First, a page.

Table 1 shows the results for the model as it currently stands.

Table 1 – Model performance with alpha = 0.01

Training MASE0.3345
Cross validation MASE0.5890
Test MASE0.5212

Next step in this project is looking at previously unseen data for December 2016 – stay tuned.

Imbalance Price Visualization

This post is the third in a series applying machine learning techniques to an energy problem. The goal of this series is to develop models to forecast the UK Imbalance Price.

Part One – What is the UK Imbalance Price?
Part Two – Elexon API Web Scraping using Python

In the first post we gave an introduction of what the UK Imbalance Price is.  We then showed how to gather UK grid data off the Elexon API using Python.

This third post will visualize the data we have gathered.  Spending the time to explore the data is an important step in model building.  All of the charts in this post were created in Python using pandas and matplotlib.

Figure 1 – The UK Imbalance Price January to November 2016

Figure 1 shows the volatile nature of the Imbalance Price.  Major positive spikes are observed throughout the year, with even more significant spikes occurring in November.  UK electricity demand is highest in winter, so likely higher demands are leading to National Grid having to use more expensive plant to balance the system.

Figure 2 – Monthly summary statistics 

Figure 2 shows how extreme the month of November was – large peaks and also a very high standard deviation.  It will be interesting to see how December compares in terms of volatility.

Figure 3 – Correlogram

The correlogram shows the autocorrelation function computed at different lags of the time series.  This can be used to identify any seasonality in the time series.  Clearly we have some seasonality present at around 48 lags – equivalent to one day in this half hourly time series.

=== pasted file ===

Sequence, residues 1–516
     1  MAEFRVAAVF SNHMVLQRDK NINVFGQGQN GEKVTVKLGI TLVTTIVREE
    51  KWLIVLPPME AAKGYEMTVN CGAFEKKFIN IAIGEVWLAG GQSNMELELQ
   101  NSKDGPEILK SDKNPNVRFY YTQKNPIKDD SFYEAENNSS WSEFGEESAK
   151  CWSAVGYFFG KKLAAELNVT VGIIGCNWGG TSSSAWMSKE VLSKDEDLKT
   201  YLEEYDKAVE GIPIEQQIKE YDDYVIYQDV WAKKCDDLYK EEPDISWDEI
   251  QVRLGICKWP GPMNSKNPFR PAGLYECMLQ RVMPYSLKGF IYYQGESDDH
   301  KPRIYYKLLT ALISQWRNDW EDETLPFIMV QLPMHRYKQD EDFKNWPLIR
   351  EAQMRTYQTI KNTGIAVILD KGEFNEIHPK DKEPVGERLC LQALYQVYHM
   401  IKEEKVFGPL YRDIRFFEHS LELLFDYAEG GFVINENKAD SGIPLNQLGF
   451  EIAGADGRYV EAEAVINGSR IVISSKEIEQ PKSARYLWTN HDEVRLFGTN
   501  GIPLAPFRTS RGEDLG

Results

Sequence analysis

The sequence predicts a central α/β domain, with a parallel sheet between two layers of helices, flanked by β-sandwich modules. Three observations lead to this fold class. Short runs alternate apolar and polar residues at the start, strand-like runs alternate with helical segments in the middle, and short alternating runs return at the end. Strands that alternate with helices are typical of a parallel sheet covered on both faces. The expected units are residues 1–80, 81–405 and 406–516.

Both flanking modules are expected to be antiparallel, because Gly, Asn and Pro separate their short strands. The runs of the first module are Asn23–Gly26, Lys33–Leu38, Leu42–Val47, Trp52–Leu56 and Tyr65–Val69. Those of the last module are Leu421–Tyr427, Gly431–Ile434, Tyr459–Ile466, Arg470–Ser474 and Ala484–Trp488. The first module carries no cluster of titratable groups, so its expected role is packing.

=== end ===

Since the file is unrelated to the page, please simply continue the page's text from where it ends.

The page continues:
It makes sense that the Imbalance Price would likely be similar to the day before – many of the reasons for Imbalance (such as forecasting errors) are likely to occur multiple times.  Interestingly the ACF function does not peak at a lag of 336 (corresponding to one week).

Figure 4 – Box plot (note the y-axis maximum was limited at 200 £/MWh)

The box plot clearly shows how much of the data is classed as outliers (i.e. being outside the inner & outer fences).  Also of interest is how close the median and first quartile are in most months!

In the next post we will begin to forecast the Imbalance Price using a multi-layer perceptron in Scikitlearn.

Elexon API Web Scraping using Python

NOTE – the code in this post is now superseeded – please see my update post – or just go straight to my GitHub repository for this project.

This post is the second in a series applying machine learning techniques to an energy problem.  The goal of this series is to develop models to forecast the UK Imbalance Price. 

Part One – What is the UK Imbalance Price?

The first post in this series gave an introduction to what the UK Imbalance Price is.

This post will show how to scrape data UK Grid data from Elexon using their API.  Elexon make available UK grid and electricity market data  to utilities and traders.

Data available includes technical information such as weather or generation.  Market data like prices and volumes is also available.  A full detail of available data is given in the Elexon API guide.

Accessing data requires an API key, available by setting up a free Elexon account.  The API is accessed by passing a URL with the API key and report parameters.  The API will return either an XML or a CSV document.

Features of the Python code

The Python code below is a modified version of code supplied by the excellent Energy Analyst website.  Some features of the code are: